It's the second
week in February, which happens to be the week the Pirates and most
other college baseball programs open their season. As I am writing this
column I can see a hard, cold rain pelting the back of my deck. In
fact, if the temperature drops much lower, the rain we are receiving
will be coming down in the form of snow.
This brings up
some serious questions about why college baseball insists on starting
their season in the middle of the winter. Not only that, but why try
and compete for fans during the middle of basketball season?
I have asked
this question over and over throughout my career, only to get the same
answers: It would cost too much to move the season into the middle of
March, April, May, June and parts of July. Last week I asked this very
same question to coach Mazey, and I agree with his response 100 percent.
As it stands
now, northern schools are at a huge disadvantage when it comes to
competing in college baseball, for two reasons:
One, most of
the northern schools have a hard time getting outside on their
fields until the middle of march, thus putting them on the road for
most of the first part of the season and limiting them in the number
of the games they play. Many northern schools play four games a
weekend and up to as many as six in a week, just to get the NCAA
allotment of 56 games.
southern schools raid the northern regions of the country for the
best talent in those areas. No kid who loves the game wants to
spend the majority of his spring inside practicing and playing most
of his games on the road.
This is why many
northern schools have dropped baseball, because financially they just
cannot afford the cost of what it takes to be competitive. Even in the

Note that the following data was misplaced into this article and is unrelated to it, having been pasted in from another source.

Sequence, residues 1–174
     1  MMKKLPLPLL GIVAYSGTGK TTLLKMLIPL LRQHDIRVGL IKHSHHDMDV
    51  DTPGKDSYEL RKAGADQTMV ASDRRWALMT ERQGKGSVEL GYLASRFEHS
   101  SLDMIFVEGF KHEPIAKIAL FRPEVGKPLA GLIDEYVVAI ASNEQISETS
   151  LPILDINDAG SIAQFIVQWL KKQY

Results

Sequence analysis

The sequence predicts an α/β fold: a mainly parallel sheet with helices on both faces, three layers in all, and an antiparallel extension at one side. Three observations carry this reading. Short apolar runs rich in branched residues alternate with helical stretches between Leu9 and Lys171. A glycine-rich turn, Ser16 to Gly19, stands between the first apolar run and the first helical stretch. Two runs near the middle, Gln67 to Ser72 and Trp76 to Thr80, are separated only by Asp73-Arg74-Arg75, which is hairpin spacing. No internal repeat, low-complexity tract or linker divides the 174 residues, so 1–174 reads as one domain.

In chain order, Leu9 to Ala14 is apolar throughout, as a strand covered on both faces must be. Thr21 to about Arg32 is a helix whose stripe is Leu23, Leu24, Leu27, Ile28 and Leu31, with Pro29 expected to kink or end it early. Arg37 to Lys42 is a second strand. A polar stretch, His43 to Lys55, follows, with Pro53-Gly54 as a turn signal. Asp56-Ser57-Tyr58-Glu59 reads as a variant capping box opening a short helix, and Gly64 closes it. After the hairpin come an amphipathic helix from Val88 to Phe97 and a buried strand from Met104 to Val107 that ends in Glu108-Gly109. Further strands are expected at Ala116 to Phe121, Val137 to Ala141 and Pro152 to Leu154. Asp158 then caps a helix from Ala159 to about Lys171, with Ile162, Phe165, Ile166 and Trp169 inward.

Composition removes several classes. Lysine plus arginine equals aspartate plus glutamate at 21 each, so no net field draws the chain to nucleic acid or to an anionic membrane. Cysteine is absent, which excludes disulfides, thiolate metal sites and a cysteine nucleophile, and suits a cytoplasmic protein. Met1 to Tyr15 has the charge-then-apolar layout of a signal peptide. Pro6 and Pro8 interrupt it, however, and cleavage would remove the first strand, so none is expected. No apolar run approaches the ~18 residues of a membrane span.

southern region of the country it's very difficult to draw fans on cold
days at 3 PM. That's why most often in the south, you won't see
attendance numbers jump until it warms up and teams start playing night
games. Plus, a lot of folks are still caught up in basketball's March
So what's the
hold up you're probably asking? I have my personal take on the issues
that I will share with my readers, and some folks may not like what I
have to say, but that's half the fun.
Whether we want
to admit it or not, college baseball has become predominately a southern
and west coast sport. That can be seen in the number of teams that
qualify for the NCAA Regionals and advance to Omaha. Many coaches and
administrators from these parts of the country do not want to see this
change. It is in some way like the BCS in college football. The more
schools you can eliminate from a competitive perspective, the better
chance you have of competing nationally and advancing to Omaha. I won't
say this has the money ramifications that the BCS holds, but the
principles are the same.
That's only part
of the problem with college baseball and its ability to move the season
back. Other factors that come into play are obviously money and how to
keep student athletes on campus during the extended time period once the
spring semester ends. This is by far the biggest challenge in moving
the season back. The other problems are not nearly as difficult in